MIAMI COUNTY, Ind. (WLFI) — The campgrounds around the Mississinewa Lake in Miami County have been shut down for nearly a month now, and it doesn’t seem to be getting any better.
Mississinewa Reservoir property manager Larry Brown says they have a close eye on the water level, which is measured in relation to sea level. The previous record high was in 1982 when waters hit 771 feet. Thursday, levels are six feet higher — approaching 777 feet.
“Our floodplain here, before we go into the emergency spillway, is 779. So we are about two feet away from that”, said Brown.
He said flooding is common with any reservoir. But with recent flooding, they are in uncharted territory.
“It’s unprecedented with the amount of water we are having,” Brown said.
He estimates a revenue loss of $171,000, but that may be on the conservative side.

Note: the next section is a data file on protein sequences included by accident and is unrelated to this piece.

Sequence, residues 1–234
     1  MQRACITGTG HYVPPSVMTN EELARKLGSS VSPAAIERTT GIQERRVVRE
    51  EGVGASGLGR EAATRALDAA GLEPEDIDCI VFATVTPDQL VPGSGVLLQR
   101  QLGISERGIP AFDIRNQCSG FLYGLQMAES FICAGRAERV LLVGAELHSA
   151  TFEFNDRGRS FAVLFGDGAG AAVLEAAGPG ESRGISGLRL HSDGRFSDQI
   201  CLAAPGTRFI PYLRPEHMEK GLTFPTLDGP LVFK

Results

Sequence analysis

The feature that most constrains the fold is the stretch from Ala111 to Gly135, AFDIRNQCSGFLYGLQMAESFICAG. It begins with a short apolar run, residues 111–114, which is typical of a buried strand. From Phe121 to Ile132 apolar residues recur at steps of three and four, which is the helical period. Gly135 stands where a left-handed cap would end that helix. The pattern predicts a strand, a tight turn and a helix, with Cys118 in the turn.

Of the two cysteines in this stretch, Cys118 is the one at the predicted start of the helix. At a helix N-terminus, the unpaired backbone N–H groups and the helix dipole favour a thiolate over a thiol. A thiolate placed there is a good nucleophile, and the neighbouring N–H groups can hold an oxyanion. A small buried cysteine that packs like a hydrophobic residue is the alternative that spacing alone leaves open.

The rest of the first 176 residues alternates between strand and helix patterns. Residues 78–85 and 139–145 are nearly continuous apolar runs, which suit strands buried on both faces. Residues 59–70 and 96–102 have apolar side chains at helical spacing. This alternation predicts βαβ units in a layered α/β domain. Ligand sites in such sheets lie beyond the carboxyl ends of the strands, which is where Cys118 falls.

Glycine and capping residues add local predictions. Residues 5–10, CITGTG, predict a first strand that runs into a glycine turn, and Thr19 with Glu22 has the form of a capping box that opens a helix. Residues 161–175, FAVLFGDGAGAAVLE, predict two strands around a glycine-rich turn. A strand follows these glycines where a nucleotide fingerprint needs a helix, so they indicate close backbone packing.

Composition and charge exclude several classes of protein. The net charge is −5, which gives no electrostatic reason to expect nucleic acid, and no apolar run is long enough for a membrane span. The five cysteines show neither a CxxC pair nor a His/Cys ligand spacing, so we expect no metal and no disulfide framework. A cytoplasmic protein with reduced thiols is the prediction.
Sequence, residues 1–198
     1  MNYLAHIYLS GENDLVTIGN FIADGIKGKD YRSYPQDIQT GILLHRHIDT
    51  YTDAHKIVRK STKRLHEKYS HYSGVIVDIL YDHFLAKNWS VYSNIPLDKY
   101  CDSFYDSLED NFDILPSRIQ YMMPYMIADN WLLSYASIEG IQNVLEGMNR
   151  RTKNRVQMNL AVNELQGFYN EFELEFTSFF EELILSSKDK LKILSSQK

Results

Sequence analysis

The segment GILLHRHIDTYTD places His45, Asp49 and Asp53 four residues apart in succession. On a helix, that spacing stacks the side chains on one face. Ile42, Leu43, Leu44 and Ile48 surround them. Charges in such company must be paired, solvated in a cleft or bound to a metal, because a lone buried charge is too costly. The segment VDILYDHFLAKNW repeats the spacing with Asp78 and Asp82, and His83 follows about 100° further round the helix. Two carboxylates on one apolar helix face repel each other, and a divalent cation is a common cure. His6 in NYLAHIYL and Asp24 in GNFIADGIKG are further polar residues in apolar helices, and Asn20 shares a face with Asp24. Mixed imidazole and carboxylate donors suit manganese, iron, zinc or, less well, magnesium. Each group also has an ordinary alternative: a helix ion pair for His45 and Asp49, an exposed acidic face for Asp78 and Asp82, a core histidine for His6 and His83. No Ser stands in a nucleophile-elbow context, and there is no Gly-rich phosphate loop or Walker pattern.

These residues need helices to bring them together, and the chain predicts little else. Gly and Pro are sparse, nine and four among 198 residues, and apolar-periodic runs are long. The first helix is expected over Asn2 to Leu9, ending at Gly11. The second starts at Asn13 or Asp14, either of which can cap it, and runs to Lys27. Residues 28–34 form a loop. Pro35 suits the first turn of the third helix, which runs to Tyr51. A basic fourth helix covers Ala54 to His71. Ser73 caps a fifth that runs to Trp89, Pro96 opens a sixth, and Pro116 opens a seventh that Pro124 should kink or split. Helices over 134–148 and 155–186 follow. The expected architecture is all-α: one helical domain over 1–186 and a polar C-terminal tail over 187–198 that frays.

“We’ve got fencing floating, signs floating,” explained Brown. “We will have sediment on the road that we are going to have to clean up.”
Brown said he’s most worried about the cost of vegetation and landscaping losses.
“We’ve got 36 new trees that we planted over the past two years, at $155 a piece. We are going to lose them all I think,” Brown said.
Mississinewa Lake is one of three reservoirs to control flooding along the Upper Wabash. So despite the looks, Brown said it’s doing its job.
“They are holding back. That’s what it’s designed for so that the river won’t take on more than it can sustain,” said Brown. “And to protect those towns and cities below us. Just think about what this would’ve caused if the reservoirs weren’t here. We would have no control on what goes on in the Wabash (River).”
So for now, Brown has no control over when he can reopen the campground. He said they evaluate each week and try to predict how much longer their campground will be closed, then they issue refunds as decisions are made.